Bureaucrats owe parents honesty

being honest_resize400.jpg
Great guest column from last weeks’ Times Examiner and Greenwood Today:

Honesty is the foundation of improvement

A problem has to be identified before it can be solved.

This bit of common sense wisdom has been lost on the public school establishment.

Last Tuesday, Jim Rex’s State Department of Education announced details of a statewide jump in SAT scores. Rex described a two-point gain by South Carolina students and reiterated the Department’s signature “stay the course” and “sustained improvement” message.

A handful of policy experts, reporters and bloggers were skeptical. By week’s end a clearer picture had emerged: Jim Rex and his communication director Jim Foster had played fast and loose with the numbers. They relied on dramatic private school score gains to hide a drop in public school scores.

According to the Educational Board, who administers the test, public school SAT scores in South Carolina dropped from an average of 983 points in 2007 to 980 in 2008. That is a three-point decrease, not the two-point gain claimed by Rex. Add in the results of the new SAT writing section and the decrease expands to five points; from 1456 in 2007 to 1451 in 2008.

Meanwhile, scores from private and independent schools continued their steady upward trend. The average SAT score from these schools jumped 19 points this year to 1042. This average includes both the handful of high tuition “elite” schools, as well as the dozens of small, mostly religious, private schools that cater to rural and inner city students. From Capers Academy and Blessed Sacrament in Charleston to Colleton Prep and Oconee Christian Academy, the wide range of private schools in South Carolina serve every type of student. They also consistently outperform their public school peers. Their average tuition is well under half of the $11,480 in per student spending at public schools.

Rex and Foster mixed in these private school scores, as well as home school scores (averaging 1088), to falsely paint a picture of statewide improvement. Adding insult to injury, their press releases conveniently skipped over details an expanding achievement gap between black and white students in public schools – a shameful performance gap that is being reduced in most other states but continues to grow in the Palmetto State.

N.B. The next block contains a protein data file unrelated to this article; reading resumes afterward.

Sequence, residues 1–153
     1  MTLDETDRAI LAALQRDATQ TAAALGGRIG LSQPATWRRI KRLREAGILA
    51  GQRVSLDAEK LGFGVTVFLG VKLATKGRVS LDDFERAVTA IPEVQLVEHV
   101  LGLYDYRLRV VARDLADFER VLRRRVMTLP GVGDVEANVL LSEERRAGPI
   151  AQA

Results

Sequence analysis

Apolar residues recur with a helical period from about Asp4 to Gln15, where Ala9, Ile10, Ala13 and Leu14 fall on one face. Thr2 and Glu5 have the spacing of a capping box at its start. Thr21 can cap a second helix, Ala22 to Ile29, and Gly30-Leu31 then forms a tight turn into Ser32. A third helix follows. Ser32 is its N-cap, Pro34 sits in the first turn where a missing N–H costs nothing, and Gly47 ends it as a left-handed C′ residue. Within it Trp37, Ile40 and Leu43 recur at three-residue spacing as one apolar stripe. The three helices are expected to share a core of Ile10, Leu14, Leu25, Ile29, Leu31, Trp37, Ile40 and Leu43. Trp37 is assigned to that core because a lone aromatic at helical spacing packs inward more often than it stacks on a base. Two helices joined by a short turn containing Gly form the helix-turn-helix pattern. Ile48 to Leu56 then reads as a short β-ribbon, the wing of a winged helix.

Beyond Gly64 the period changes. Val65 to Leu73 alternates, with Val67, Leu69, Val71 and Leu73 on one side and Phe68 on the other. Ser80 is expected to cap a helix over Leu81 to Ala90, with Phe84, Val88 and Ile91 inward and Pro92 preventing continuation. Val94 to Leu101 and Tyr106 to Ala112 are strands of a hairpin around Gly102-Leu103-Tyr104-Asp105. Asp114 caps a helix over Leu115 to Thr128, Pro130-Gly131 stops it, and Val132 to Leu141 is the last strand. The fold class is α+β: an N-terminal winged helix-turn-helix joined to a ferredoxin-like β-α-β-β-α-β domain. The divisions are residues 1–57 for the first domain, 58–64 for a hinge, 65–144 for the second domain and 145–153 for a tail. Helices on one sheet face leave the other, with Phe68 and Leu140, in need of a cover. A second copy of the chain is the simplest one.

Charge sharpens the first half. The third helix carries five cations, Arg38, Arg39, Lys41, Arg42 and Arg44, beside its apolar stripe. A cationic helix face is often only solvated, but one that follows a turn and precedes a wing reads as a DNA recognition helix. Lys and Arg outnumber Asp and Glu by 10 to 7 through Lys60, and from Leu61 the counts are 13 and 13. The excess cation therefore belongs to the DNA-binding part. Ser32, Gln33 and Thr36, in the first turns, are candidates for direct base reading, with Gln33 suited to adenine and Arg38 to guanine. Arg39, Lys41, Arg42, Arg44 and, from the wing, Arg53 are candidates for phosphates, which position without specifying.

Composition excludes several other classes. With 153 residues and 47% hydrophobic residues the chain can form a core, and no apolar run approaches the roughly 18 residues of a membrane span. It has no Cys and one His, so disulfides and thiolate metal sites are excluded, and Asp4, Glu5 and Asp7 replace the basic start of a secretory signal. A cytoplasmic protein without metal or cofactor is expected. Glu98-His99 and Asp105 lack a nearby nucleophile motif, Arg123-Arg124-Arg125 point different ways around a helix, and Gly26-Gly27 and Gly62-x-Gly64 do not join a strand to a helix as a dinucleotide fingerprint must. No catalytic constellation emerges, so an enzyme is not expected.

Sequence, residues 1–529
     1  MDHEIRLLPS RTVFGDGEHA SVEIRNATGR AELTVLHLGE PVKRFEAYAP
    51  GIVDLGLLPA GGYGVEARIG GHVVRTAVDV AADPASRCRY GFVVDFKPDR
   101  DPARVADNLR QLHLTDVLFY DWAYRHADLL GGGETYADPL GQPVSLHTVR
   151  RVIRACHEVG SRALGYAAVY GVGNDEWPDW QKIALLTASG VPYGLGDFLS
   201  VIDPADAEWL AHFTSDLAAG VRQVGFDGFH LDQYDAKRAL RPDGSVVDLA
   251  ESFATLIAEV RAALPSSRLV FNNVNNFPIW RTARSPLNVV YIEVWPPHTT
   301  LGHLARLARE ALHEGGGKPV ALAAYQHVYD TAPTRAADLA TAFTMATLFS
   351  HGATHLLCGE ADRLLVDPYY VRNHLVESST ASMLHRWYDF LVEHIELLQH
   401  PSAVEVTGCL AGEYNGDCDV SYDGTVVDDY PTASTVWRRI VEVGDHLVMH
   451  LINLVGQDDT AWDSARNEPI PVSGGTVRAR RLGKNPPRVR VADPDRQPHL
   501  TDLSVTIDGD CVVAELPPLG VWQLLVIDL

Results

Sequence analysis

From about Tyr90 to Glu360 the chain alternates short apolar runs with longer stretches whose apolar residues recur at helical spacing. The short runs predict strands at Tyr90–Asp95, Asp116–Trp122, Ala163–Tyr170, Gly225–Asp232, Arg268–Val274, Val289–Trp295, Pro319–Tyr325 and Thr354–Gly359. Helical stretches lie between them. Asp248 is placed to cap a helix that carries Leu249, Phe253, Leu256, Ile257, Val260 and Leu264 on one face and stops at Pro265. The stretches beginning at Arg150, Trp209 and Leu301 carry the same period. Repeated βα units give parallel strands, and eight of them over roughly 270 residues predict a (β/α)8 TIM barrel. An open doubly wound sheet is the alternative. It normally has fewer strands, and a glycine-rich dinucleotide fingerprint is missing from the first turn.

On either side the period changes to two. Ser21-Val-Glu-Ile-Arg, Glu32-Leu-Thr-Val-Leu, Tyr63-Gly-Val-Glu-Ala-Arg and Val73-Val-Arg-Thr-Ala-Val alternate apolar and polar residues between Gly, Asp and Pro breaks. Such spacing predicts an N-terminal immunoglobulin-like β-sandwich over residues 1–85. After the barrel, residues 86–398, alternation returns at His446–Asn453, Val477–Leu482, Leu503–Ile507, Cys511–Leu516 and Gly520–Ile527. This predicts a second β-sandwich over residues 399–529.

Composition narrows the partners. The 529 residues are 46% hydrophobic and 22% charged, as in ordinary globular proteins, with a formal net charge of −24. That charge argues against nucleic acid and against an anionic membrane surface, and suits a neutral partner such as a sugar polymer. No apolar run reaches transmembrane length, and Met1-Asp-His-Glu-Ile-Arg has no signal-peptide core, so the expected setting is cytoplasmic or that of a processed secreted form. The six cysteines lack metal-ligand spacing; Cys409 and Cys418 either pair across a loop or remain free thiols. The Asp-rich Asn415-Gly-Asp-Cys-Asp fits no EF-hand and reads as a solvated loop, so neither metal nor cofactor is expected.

Finally, lost in the public relations spin, were the awkward details of the “best” public schools scores. Parents in Fort Mill, Anderson, Lexington 1 and Spartanburg were proud to hear that many of their local schools earned scores above the national average. But the one-in-ten districts that beat the national average still earned scores more than 120 points below similar public schools in North Carolina! While the often white, usually upper middle class parents in these districts have been contrasting their schools’ performance with low scores in Hampton, Clarendon and Florence, their children are competing with students from Chapel Hill for admission into college.

Jim Rex’s heart is in the right place. Every child in South Carolina deserves equal access to the most effective and competitive education we can provide for them. But Rex is wrong to think that such a monumentally important task should fall primarily on the shoulders of a state controlled system of government schools. Innovation and diversity in classroom instruction, facilitated through empowerment of parents, will help raise SAT scores in public schools as it has in private ones. Only when Rex and Foster provide parents with honest information will they be able to properly engage in this important process.

Randy Page serves as President of South Carolinians for Responsible Government, a statewide grass-roots organization that promotes limited government, lower taxes and increased educational options. Page may be reached at randy@scrgov.org


Leave a Reply

Fill in your details below or click an icon to log in:

WordPress.com Logo

You are commenting using your WordPress.com account. Log Out / Change )

Twitter picture

You are commenting using your Twitter account. Log Out / Change )

Facebook photo

You are commenting using your Facebook account. Log Out / Change )

Google+ photo

You are commenting using your Google+ account. Log Out / Change )

Connecting to %s